STL maps

also a question about container adaptors

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3 Replies - 1001 Views - Last Post: 25 June 2008 - 12:51 PM Rate Topic: -----

#1 The Architect 2.0  Icon User is offline

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STL maps

Posted 25 June 2008 - 11:51 AM

concerning the STL map, it is organized according to its keys, correct? and its iterators also transverse the keys(as opposed to the values)? therefore, it is impossible to retrieve a sorted list of values from a STL map?

also, wth are the point of container adaptors? from what i understand, they're essentially wrappers(i may or may not be using this term correctly) for containers. why would you use them instead of the original container?

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Replies To: STL maps

#2 Cerolobo  Icon User is offline

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Re: STL maps

Posted 25 June 2008 - 12:12 PM

View PostThe Architect 2.0, on 25 Jun, 2008 - 11:51 AM, said:

concerning the STL map, it is organized according to its keys, correct?

Yes, they are organized from the lowest value to the highest value.

View PostThe Architect 2.0, on 25 Jun, 2008 - 11:51 AM, said:

and its iterators also transverse the keys(as opposed to the values)? therefore, it is impossible to retrieve a sorted list of values from a STL map?


This depends. If the keys and the values are associative, then the values will be sorted. This entirely depends on how you implement the map.

View PostThe Architect 2.0, on 25 Jun, 2008 - 11:51 AM, said:

also, wth are the point of container adaptors? from what i understand, they're essentially wrappers(i may or may not be using this term correctly) for containers. why would you use them instead of the original container?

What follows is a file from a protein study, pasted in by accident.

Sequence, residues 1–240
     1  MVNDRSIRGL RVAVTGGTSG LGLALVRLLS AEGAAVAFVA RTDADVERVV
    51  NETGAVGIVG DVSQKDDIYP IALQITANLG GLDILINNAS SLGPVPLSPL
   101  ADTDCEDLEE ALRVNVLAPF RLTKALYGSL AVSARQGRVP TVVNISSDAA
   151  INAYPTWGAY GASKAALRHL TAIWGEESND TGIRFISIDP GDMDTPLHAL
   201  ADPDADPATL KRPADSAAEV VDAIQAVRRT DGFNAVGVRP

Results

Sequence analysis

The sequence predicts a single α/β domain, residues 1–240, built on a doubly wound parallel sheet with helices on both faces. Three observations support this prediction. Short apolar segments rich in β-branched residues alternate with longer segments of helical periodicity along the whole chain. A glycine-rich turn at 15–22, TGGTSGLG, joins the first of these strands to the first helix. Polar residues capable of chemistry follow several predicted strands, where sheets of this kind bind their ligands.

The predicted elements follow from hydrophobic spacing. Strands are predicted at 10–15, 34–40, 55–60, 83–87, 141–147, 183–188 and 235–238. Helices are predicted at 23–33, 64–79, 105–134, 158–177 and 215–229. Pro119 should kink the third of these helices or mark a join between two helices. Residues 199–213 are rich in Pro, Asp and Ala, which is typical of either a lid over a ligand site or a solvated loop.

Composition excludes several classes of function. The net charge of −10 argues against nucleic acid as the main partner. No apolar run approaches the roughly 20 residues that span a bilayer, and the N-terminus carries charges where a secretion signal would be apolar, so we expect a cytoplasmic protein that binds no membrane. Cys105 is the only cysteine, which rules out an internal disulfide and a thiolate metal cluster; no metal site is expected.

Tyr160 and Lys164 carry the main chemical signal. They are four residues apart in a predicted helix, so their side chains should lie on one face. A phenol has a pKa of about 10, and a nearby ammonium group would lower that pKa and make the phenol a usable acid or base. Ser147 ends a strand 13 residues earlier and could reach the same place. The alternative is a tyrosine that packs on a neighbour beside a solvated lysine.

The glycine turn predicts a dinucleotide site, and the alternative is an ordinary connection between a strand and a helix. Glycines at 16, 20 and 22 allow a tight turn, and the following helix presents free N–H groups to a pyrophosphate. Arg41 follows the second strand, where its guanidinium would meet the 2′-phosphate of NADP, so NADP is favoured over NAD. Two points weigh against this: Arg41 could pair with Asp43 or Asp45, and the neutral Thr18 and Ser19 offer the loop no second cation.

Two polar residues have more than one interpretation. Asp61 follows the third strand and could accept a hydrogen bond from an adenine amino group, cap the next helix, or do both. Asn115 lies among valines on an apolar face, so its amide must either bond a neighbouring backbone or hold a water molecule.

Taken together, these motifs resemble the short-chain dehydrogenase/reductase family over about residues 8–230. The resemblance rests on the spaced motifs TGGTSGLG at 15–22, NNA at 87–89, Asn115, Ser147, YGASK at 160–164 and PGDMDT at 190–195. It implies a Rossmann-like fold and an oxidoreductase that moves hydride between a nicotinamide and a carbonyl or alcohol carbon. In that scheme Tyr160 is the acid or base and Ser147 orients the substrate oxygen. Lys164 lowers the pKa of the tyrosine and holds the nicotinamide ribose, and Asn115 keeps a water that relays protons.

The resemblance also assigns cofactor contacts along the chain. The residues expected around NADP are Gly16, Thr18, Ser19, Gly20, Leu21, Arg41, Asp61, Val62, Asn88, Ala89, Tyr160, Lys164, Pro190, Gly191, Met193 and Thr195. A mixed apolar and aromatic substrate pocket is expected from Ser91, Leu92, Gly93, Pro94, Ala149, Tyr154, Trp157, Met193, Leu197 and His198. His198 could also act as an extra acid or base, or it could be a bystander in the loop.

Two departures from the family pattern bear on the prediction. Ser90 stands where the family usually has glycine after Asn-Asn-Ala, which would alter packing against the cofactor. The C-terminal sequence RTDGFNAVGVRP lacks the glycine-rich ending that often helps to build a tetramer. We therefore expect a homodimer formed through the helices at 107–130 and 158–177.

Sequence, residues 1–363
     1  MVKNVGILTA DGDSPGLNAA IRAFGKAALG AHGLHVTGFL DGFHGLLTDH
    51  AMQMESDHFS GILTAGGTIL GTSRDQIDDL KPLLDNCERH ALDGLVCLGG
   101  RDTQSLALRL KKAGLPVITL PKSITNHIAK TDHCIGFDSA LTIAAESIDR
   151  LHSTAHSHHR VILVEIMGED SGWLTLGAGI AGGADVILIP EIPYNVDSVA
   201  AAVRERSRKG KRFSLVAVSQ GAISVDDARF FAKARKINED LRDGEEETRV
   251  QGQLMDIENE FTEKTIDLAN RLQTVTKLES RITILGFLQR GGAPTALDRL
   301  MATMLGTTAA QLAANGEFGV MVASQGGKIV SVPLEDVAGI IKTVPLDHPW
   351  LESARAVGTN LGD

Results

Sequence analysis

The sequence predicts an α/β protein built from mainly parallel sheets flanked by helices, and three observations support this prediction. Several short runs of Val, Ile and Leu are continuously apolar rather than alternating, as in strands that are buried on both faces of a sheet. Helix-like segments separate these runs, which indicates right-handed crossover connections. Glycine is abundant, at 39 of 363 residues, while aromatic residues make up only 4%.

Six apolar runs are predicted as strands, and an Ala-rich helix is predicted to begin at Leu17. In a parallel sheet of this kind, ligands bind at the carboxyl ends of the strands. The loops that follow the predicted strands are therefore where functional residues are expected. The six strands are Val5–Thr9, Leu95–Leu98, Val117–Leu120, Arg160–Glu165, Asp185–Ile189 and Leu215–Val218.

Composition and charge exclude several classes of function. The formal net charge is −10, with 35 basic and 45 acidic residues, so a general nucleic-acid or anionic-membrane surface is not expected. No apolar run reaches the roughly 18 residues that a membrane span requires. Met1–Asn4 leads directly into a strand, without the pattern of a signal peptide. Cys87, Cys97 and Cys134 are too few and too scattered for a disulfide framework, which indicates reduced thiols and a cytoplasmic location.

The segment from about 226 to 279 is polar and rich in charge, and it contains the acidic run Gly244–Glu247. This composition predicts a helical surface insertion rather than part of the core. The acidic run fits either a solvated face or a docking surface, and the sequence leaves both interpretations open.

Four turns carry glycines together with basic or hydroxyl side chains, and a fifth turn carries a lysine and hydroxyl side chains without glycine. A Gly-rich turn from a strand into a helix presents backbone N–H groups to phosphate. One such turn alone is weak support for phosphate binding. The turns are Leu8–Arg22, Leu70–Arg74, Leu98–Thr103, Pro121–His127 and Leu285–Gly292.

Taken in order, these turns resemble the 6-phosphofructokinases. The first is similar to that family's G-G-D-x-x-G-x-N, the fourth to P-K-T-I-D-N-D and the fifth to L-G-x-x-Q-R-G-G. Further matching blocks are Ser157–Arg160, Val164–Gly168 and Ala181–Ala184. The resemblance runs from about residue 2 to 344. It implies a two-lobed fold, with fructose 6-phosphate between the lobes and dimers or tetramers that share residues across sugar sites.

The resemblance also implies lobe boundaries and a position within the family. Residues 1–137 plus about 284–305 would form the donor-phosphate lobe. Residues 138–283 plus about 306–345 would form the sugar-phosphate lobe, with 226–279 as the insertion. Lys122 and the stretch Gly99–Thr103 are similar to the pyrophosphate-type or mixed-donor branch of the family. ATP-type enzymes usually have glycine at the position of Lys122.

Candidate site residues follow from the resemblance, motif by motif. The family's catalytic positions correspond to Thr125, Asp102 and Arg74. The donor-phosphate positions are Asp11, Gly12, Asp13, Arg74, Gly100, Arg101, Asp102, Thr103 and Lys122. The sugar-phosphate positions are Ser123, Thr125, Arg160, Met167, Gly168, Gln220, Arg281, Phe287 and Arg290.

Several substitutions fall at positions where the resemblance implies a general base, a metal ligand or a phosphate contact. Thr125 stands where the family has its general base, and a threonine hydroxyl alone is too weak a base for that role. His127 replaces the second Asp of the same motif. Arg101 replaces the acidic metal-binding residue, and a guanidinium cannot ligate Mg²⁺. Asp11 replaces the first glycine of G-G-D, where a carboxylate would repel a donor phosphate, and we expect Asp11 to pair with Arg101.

Container adapters are basically implementations of a STL container, that expand the behavior of the container.

The container that you do use, will depend on the situation.

The three main container adapters are
priority_queue - Great if you always want to get the highest value out of the data, and you don't care if the rest of the data appears to be sorted. This will implement a weak sorting system. IE, it will not spend a lot of time on sorting the actual data.
queue - Implements a first in, first out context. This is great for things like event handing and such. When you put things into the container, they will be added to the back of the line. When you take things out, you will always take things from the front of the line.
stack - Implements a last in, first out context. IE, you put things in to the back of the line, and take them out of the back of the line. This is used extensively in hardware and software, for easy storing and removal of data.
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#3 The Architect 2.0  Icon User is offline

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Re: STL maps

Posted 25 June 2008 - 12:40 PM

so, as long as the key is 'derived' from the value, it'll be sorted?

but aren't you LOSING behavior due to the 'loss' of functions from the underlying container? or are you meaning that they EMPHASIZE certain behaviors?
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#4 Cerolobo  Icon User is offline

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Re: STL maps

Posted 25 June 2008 - 12:51 PM

View PostThe Architect 2.0, on 25 Jun, 2008 - 12:40 PM, said:

so, as long as the key is 'derived' from the value, it'll be sorted?
Yes

View PostThe Architect 2.0, on 25 Jun, 2008 - 12:40 PM, said:

but aren't you LOSING behavior due to the 'loss' of functions from the underlying container? or are you meaning that they EMPHASIZE certain behaviors?
Yes, you lose some of the behavior (iterators, for example). The point of the adapters is to add additional functionality that the other containers do not support, or to simplify the interface.

Take the priority_queue. Generally, if you were to use another container (say, a vector), you would have to sort the data manually, or just use a STL Algorithm. priority_queue has sorting bulk in, which can greatly simply your code. Plus, since it only implements a weak sorting algorithm, it will have better performance then a vector.

As for the other two adapters, stacks (basically a vector) and queues (basically a linked list) are used a lot in computer science. These adapters, more or less, provide a interface that is similar to concepts discussed in CS.
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